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National Veterinary Associates catches dose of ransomware

2019-11-26 12:35

Ransomware attacks don’t discriminate. They are just as happy targeting those with four legs as those with two.

Anonymous sources told cybersecurity reporter Brian Krebs this week that National Veterinary Associates (NVA) has fallen victim to a ransomware attack that has affected hundreds of hospitals.

NVA describes itself as one of the largest veterinary pet care services organisations in the world. It partners with over 700 general practice veterinary hospitals, spanning general practice clinics, equine hospitals, and pet resorts in a network spanning the US, Canada, Australia, and New Zealand. Founded in 1996 by Dr. Stan Creighton, it began by buying hospitals from retiring veterinarians. It now has 2,600 veterinarians in its network.

Ryuk ransomware

NVA didn’t respond to our requests for comment, but reports said that the company discovered a ransomware attack on Sunday 27 October. The culprit was apparently Ryuk, an especially pernicious form of ransomware first detected by researchers in August 2018.

According to sources quoted by Krebs, the ransomware hit nearly 400 hospitals in the company’s 700-strong network. The infection wasn’t ubiquitous because hospitals have some autonomy in how they run their IT networks, but some were left struggling to provide care after they lost access to their patient information management systems, reports said.

A source also told Krebs that this wasn’t the first Ryuk infection than the company has endured. The company had discussed the first attack more openly, the source said.

Things were different this time, according to Krebs. The company reportedly sent out instructions explaining how members of its network should discuss the incident. A screenshot read:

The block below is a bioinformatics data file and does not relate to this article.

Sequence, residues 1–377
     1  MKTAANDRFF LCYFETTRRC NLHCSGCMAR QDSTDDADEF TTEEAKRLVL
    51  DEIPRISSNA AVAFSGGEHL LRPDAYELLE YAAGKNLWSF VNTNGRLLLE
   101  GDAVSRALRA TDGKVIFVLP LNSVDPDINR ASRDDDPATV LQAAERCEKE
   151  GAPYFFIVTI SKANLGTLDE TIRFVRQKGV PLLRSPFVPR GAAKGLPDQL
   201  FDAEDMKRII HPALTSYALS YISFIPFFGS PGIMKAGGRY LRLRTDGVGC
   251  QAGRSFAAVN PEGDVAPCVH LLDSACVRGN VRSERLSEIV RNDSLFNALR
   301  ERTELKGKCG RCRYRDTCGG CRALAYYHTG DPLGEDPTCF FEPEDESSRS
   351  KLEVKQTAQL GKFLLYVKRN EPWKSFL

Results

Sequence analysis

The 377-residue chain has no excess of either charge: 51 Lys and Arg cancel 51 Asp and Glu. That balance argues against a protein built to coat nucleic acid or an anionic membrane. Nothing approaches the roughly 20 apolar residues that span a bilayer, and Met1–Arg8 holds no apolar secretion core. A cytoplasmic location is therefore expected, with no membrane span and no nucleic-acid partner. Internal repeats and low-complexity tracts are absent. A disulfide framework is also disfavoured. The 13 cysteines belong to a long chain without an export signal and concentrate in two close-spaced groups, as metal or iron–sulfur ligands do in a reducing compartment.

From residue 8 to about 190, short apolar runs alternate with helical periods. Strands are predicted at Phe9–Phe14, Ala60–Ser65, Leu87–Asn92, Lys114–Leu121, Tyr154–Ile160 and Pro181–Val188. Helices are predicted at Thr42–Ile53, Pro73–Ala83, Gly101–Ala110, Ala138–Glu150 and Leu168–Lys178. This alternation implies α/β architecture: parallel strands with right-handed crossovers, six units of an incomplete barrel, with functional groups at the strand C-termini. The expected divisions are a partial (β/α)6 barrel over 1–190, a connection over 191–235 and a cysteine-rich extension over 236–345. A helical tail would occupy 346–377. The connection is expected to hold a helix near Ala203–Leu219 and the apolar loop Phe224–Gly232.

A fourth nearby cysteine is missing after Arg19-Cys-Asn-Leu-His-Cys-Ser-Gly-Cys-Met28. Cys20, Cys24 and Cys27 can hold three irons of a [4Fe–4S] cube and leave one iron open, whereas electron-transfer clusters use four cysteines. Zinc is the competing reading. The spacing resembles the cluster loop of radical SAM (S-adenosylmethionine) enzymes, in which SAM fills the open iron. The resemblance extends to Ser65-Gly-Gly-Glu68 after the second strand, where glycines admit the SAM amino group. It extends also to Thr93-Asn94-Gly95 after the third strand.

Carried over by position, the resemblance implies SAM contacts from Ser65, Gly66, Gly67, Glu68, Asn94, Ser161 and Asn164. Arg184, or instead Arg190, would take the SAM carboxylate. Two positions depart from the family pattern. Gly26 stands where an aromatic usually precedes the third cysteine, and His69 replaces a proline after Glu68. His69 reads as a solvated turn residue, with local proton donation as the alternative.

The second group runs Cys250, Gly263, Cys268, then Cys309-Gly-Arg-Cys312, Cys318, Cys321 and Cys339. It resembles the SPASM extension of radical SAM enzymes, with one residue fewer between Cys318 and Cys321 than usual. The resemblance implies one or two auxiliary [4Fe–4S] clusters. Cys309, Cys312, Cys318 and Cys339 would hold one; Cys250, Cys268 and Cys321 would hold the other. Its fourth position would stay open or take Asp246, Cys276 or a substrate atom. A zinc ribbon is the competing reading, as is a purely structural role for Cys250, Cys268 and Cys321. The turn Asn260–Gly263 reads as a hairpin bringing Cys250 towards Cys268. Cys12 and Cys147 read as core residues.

Use the verbiage “Computer Outage” – Joe would like us to use generic terms.

Ryuk kills over 40 processes and stops more than 180 services on infected computers, including some anti-virus tools. It also writes itself to the Run registry key to maintain persistence. It has been involved in ransomware attacks against organizations including the Chicago Tribune and cloud hosting provider DataResolution.net.

In the UK, the National Cyber Security Centre (NCSC) is investigating Ryuk ransomware campaigns linked to Emotet and Trickbot. The Centre says that Ryuk is a targeted strain of ransomware that allows its owner to set the ransom according to the victim’s perceived ability to pay. It often operates under the radar for a period of time ranging up to months, enabling the attacker to move laterally through the network and infect as many assets as possible.

Krebs’ source expressed concern that NVA may not have completely eradicated the first attack.

How to protect yourself from ransomware

  • Pick strong passwords. And don’t re-use passwords, ever.
  • Make regular backups. They could be your last line of defense against a six-figure ransom demand. Be sure to keep them offsite where attackers can’t find them.
  • Patch early, patch often. Ransomware like WannaCry and NotPetya relied on unpatched vulnerabilities to spread around the globe.
  • Lock down RDP. Criminal gangs exploit weak RDP credentials to launch targeted ransomware attacks. Turn off RDP if you don’t need it, and use rate limiting, 2FA or a VPN if you do.
  • Use anti-ransomware protection. Sophos Intercept X and XG Firewall are designed to work hand in hand to combat ransomware and its effects. Individuals can protect themselves with Sophos Home.

For more advice, please check out our END OF RANSOMWARE page.


Source: rawmosnar-fo-esod-sehctac-setaicossa-yraniretev-lanoitan/62/11/9102/moc.sohpos.ytirucesdekan

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